album booklets in spotify
project at kth royal institute of technology
2021, Remote

Primarily based on in-depth interviews with up-and-coming artists and supplemented by additional methods, we designed the album booklets feature in Spotify as they constitute a formerly important and valuable form of expression for artists as well as an opportunity for deeper engagement with an album for serious listeners and fans.

We believe this would provide artists with an additional tool to promote their music between releases (e.g. on creative breaks) which we identified as an important theme during our analysis.

Iterated throughout the entire feature design cycle remotely, utilised different design methods, and designed the app prototype with teammates while considering Spotify's branding and business needs. Focused and responsible for mainly the listeners' aspect but also kept the benefits for artists in mind.

Figma, Miro

Excellent (P)

Examiner Feedback
"Your thoughts on the 'how might we' statements are particularly interesting, and something I will bring to next year's teaching, so thank you. I think the depth of the design work you have undertaken is impressive."

"The prototype itself is sleek, fits perfectly into the branding of Spotify and very much feels like a real part of the tool. I think the interactions are minimal and this serves to make the design also equitable across musicians and artists, so it is nice to see that value come out clearly in your work. Very well done."

Group Members
Jason Huang, Christoph Johns, Rita Nordström & Simon Sundin

Started from an interest in artists’ connection to and interaction with their audience, especially from the perspective of up-and-coming artists and regarding the artist page on Spotify, we conducted Semi-structured Interviews with a wide range of different musicians distributing their music on the platform.

Based on interviews findings and additional researches into the problem area, including Literature Search, Product, Communities, and Forums Reviews, we identified the major themes with Affinity Diagram and led to the problem statement:
Up-and-coming artists need to be able to succinctly express their own identity on Spotify because Spotify is currently focussed on distribution instead of expression.

This problem was further narrowed down and operationalised into the How Might We question:
How might we translate the experience of an album booklet into a digital format?

With the Worst Possible Ideas, Crazy Eights, Sketches, then User Flows, we created the first prototype of our solution.

After a Cooperative Evaluation with peers, we gained valuable insights especially on a perceived overload of content and lack of navigation within the booklet. We also noted that the attractiveness of the content or the appeal of the artist might influence the perceived value of a booklet.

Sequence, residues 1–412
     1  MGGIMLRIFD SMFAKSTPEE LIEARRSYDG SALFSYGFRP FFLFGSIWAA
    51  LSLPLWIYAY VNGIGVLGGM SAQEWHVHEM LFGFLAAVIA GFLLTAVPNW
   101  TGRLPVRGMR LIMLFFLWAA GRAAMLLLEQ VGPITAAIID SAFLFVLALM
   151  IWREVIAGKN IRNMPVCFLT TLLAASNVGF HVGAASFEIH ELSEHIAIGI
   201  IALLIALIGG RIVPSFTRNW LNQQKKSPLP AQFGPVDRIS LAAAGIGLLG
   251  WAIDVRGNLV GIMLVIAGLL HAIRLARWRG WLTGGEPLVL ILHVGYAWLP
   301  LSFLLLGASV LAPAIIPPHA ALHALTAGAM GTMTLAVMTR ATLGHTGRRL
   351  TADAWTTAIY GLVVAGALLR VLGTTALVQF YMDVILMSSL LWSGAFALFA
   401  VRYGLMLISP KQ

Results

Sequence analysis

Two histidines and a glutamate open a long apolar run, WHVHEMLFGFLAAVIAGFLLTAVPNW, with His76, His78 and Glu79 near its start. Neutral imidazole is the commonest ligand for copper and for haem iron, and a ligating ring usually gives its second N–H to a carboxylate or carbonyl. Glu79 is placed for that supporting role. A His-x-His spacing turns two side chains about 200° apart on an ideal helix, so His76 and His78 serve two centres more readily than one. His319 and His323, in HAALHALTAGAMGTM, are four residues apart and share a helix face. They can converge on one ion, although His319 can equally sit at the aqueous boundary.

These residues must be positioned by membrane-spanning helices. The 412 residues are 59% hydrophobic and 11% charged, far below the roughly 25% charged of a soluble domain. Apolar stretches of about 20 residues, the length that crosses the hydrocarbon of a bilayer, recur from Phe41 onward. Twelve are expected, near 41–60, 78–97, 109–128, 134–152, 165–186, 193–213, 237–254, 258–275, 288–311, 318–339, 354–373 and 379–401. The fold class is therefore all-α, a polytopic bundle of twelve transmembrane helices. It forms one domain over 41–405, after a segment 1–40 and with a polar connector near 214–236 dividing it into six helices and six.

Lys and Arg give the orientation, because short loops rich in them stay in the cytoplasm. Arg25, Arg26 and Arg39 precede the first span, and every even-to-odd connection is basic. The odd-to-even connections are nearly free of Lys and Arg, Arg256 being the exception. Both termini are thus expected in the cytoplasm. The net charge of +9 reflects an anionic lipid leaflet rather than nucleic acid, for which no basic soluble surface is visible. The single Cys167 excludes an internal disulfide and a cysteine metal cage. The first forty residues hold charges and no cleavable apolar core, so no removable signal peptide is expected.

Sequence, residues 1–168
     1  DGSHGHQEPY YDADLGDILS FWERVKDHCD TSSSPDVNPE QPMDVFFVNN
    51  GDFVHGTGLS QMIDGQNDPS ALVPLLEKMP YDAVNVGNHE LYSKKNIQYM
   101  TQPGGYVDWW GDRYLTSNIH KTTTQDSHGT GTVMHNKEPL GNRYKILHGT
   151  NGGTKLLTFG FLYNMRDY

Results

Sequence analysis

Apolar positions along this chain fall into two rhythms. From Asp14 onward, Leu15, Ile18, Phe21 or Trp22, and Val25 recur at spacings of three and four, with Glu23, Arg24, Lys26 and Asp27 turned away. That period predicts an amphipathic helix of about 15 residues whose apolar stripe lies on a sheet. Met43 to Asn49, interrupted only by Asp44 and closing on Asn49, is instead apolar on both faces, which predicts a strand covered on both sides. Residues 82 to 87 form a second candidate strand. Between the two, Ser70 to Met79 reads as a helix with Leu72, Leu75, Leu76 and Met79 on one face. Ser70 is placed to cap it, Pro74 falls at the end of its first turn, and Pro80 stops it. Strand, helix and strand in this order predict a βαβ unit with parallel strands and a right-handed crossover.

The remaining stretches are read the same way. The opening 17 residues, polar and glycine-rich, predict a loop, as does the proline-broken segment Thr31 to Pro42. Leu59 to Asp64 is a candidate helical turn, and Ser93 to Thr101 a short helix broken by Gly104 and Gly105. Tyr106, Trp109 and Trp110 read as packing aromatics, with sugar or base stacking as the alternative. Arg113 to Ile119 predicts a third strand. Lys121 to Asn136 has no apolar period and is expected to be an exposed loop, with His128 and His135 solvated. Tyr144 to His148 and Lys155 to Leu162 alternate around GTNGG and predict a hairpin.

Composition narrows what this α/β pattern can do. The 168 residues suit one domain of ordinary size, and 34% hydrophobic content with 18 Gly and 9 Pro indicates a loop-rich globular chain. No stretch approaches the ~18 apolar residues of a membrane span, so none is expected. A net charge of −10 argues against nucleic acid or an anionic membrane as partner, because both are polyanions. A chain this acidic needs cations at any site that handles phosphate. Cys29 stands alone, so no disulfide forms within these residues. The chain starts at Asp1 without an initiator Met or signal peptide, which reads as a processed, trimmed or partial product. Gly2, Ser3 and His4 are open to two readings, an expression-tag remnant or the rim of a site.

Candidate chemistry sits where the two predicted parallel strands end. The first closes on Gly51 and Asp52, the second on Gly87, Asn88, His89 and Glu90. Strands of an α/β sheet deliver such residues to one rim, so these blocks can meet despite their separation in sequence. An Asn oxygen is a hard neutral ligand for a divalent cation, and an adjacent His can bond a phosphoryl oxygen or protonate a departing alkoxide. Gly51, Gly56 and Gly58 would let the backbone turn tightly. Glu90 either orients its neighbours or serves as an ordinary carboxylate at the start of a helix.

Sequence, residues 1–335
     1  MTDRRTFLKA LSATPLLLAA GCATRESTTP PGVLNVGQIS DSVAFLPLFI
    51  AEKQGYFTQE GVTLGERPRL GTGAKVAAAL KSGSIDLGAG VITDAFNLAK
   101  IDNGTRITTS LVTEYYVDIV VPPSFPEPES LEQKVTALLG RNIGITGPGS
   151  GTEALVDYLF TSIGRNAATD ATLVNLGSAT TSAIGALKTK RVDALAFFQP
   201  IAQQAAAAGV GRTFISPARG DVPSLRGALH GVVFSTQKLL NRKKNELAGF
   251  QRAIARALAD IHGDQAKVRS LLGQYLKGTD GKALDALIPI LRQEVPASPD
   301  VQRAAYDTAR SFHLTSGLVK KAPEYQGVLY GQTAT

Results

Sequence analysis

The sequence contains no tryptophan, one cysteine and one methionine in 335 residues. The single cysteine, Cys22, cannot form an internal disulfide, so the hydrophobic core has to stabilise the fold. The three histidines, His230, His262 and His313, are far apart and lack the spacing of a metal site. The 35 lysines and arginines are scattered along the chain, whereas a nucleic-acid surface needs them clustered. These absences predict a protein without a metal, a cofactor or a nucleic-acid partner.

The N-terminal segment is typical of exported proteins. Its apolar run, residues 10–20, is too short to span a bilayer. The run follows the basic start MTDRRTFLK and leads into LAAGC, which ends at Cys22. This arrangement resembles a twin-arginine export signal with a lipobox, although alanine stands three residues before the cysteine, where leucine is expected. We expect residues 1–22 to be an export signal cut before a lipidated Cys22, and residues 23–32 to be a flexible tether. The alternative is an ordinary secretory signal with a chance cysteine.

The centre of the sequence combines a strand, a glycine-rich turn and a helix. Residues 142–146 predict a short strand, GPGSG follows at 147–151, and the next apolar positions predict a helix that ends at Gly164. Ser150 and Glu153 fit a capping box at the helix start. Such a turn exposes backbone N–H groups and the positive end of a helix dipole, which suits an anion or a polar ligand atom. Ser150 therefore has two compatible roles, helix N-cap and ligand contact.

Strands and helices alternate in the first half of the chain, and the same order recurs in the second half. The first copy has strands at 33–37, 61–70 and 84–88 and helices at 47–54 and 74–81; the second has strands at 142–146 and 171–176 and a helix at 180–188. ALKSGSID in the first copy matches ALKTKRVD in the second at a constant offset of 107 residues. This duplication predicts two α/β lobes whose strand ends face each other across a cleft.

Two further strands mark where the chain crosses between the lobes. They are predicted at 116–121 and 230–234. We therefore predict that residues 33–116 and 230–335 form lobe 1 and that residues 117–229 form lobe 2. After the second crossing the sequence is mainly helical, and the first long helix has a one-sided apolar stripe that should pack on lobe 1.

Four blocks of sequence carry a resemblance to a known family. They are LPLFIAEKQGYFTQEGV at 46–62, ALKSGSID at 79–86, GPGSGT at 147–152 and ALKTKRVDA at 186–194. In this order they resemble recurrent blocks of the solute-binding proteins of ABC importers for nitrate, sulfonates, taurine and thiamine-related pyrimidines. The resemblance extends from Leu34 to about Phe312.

In the second iteration, we created a multi-tab system where the artist could write their tab names and format the booklet, creating an easier overview instead of a long scrolling booklet. We also created example booklets from scratch that might have felt interesting to read or more closely matches the interests of our test subjects.

Although a free form canvas-style layout system would provide more flexibility for artists, we learned that a more document-style booklet worked better with the existing Spotify interaction pattern. Also, by adding bands related to the test subjects, we discovered that creating a connection to the prototype seems crucial when letting people try out and get motivated to provide feedback and insights.

We started with a basic User Flows of what the app would contain and to separate the works, we later made a more refined diagram to help ourselves keep track of where everything would be accessible.

As mentioned, I focused mainly on the listeners' aspect, where the Interactable Cards were something valuable during our ideation, especially when combined with the social and shareable feature inspired by Spotify Wrapped, and hence I would love to dig deeper into it.

The previous video and prototype concentrated mainly on the parts more related to my implementation. From a wider perspective, the full version of our proposed design introduces the following core features to the Spotify mobile application:

  • Artists can add supplemental multimedia content to their albums through a block-style WYSIWYG editor. These blocks include, for example, media content (e.g. images, links), Spotify elements (e.g. songs, podcast episodes), cross-selling elements (e.g. merchandise offers, tour dates), social elements (e.g. top highlights, critical reviews), and Spotify-generated user statistics (e.g. similar to "Spotify Wrapped").

  • Artists can promote these booklets and thereby their music through card-style placements on their fans’ home tab.

  • Listeners can access, interact with, and save booklets. The links to these booklets are stored in a new "Booklets" tab in their library.

  • Albums that include booklets are highlighted through a new icon for increased visibility.

full version on figma